Health Matters Blog

In Vitro Fertilization: What’s New

Published April 11, 2014

Judith H. McBean, MD By: Judith McBean, MD Infertility affects approximately 1/8 reproductive age couples in the United States, however if they seek help, the chances of success has never been better. As couples enter into this world they are often faced with a daunting collection of procedures and terms that resemble alphabet soup. In this article we will explore the world of infertility and find out a little about what is new. [caption id="attachment_522" align="alignright" width="200"] Judith H. McBean, MD[/caption] In Vitro Fertilization or IVF is often used when other infertility treatments fail and is one of the most common assisted reproductive te...

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Human Papilloma Virus and Pap Smears—The Latest Guidelines

Published April 3, 2014

James E. Bunker, MD By: James Bunker, MD Human Papilloma Virus has garnered a great deal of attention in the gynecologic literature over the past decade, primarily as it relates to abnormal pap smears. Also referred to as HPV, human papilloma virus is a sexually transmitted virus that is extremely common, especially in reproductive age women less than 30 years of age. It is estimated that 80% of sexually active women will have HPV at some point in their lifetime. At any given moment in time, 25-30% the population between ages 14 and 59 can be found to harbor the virus. However, the highest prevalence occurs in women between the ages of 20-24, where it approac...

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Upper Extremity Pain

Published March 28, 2014

Chris Vitello By Chris Vitello, OT The human body is an amazing thing. With all of the bones and all of the muscles, it is amazing how it all works together so smoothly without fault. Most of the time we lose sight of this marvel, that is of course, until something does not go quite right. It is then when we question the marvel that is our body and why it is now not working quite to our specifications. My name is Chris Vitello and I am an Occupational Therapist and Certified Hand Therapist working at Brattleboro Memorial Hospital. I would like to touch upon some of the common ailments of the upper extremity that you may notice when our bodies are not wo...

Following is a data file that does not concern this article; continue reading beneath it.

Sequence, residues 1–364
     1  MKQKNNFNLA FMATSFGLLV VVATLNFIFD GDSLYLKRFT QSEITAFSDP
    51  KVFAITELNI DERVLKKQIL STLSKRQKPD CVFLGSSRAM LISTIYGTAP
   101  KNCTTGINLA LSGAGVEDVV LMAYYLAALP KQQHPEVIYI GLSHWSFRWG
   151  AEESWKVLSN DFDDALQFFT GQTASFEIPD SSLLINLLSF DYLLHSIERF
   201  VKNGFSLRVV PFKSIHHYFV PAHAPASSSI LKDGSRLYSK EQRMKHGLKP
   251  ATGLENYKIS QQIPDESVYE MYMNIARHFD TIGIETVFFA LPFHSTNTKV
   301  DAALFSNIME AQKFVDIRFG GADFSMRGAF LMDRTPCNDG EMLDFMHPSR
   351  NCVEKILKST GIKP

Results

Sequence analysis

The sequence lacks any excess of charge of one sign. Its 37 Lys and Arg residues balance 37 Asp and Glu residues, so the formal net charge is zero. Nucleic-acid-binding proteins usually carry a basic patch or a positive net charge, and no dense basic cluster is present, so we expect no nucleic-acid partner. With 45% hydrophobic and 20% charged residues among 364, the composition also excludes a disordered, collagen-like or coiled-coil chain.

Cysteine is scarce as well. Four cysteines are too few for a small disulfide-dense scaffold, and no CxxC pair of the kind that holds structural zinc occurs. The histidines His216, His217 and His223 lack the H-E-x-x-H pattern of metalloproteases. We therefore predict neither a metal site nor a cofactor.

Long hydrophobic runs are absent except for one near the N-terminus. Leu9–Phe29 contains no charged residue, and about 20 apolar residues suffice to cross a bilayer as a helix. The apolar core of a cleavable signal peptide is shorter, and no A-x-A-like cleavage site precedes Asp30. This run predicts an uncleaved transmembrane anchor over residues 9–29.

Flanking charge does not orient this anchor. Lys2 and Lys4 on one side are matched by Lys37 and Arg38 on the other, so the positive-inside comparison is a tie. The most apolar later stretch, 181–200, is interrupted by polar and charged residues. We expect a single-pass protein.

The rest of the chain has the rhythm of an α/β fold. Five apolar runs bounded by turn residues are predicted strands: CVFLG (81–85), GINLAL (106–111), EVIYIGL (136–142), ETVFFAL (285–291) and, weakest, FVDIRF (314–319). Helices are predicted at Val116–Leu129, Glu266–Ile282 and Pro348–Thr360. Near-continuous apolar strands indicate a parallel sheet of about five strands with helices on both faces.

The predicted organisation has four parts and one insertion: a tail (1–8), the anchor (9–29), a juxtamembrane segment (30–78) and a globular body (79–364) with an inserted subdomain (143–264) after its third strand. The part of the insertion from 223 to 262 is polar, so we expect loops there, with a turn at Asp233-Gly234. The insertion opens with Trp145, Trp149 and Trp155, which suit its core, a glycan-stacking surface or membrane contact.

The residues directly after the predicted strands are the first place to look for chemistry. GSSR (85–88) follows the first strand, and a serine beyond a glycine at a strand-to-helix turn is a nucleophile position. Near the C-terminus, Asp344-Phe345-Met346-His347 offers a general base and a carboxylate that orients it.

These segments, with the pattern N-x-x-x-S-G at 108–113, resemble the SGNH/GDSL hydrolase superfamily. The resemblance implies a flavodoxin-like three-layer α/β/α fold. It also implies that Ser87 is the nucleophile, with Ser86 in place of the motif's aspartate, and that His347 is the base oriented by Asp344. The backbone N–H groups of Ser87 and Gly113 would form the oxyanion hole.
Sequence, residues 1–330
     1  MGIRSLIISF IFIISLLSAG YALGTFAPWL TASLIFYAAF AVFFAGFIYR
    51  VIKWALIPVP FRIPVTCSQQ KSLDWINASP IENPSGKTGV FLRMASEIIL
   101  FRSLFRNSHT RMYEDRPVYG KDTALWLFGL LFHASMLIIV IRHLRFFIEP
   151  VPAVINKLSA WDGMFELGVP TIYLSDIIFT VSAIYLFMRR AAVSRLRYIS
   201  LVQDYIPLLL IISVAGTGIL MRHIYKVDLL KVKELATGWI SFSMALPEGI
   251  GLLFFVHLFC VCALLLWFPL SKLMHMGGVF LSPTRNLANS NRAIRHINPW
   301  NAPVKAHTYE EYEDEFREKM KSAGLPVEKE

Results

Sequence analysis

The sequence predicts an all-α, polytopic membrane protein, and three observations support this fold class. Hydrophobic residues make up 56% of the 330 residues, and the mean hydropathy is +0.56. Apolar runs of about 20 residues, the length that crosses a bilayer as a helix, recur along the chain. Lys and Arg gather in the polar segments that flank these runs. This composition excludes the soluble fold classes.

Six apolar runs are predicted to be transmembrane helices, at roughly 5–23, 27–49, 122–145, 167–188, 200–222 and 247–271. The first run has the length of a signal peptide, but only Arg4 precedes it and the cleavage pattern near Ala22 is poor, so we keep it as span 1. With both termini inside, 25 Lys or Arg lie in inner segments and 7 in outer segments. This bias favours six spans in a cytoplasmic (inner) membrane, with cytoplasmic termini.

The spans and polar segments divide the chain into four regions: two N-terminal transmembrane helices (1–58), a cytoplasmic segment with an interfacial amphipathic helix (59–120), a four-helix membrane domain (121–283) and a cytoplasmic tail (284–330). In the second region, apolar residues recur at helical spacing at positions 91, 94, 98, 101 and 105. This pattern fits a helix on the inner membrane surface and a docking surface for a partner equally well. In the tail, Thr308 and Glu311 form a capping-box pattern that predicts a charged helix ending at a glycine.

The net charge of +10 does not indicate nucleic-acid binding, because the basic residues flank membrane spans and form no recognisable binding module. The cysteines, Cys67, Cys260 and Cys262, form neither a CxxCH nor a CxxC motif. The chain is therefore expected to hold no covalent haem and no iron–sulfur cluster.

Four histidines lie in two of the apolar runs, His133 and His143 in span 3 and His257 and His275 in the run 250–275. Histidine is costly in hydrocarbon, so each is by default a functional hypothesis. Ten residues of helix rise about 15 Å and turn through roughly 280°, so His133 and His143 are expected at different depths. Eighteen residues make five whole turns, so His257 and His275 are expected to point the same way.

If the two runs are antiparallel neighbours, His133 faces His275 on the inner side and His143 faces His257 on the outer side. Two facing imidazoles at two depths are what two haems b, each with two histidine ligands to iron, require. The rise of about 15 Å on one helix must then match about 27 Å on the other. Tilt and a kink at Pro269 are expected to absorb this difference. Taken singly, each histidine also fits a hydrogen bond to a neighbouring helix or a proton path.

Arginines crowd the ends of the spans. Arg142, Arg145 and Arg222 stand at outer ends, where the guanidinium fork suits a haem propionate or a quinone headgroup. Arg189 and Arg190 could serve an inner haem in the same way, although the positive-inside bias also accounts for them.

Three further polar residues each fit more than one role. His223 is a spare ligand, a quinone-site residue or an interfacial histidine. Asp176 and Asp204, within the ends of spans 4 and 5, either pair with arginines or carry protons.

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Slip Sliding Away

Published March 14, 2014

By Eileen Casey, PT Snow, rain, sleet, polar vortexes, yikes! The freezing and thawing can lead to frost heaves, potholes and uneven ground in many places. Even with the most diligent shoveling, plowing, sanding and salting, patches of ice or potholes can still be lurking, just waiting for you to step on them and fall. Just ask any of the folks treated this winter at the BMH Emergency Department for hip, wrist or arm fractures due to falls on the ice. As children, most of us had no fear of falling; you got up, brushed yourself off and kept going. It was no big deal. As a child you did many things that helped keep your balance system wor...

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My Life Check and the Simple Seven

Published March 5, 2014

By Jeff Harr, RCEP, Cardiopulmonary Rehab Coordinator February 2014 was the 50th anniversary of “American Heart Month”. This formal designation began in 1964 by President Lyndon Johnson. In 1960, about 662,000 Americans died each year because of heart disease and 924,000 died from all forms of cardiovascular disease combined. In 2010, those figures were below 600,000 and 784,000, respectively. Those figures, however, do not tell the whole picture of the progress in the fight against heart disease since the population of the United States has increased by 129 million people between 1960 and 2010. [caption id="attachment_2198" align="...

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A Year In Review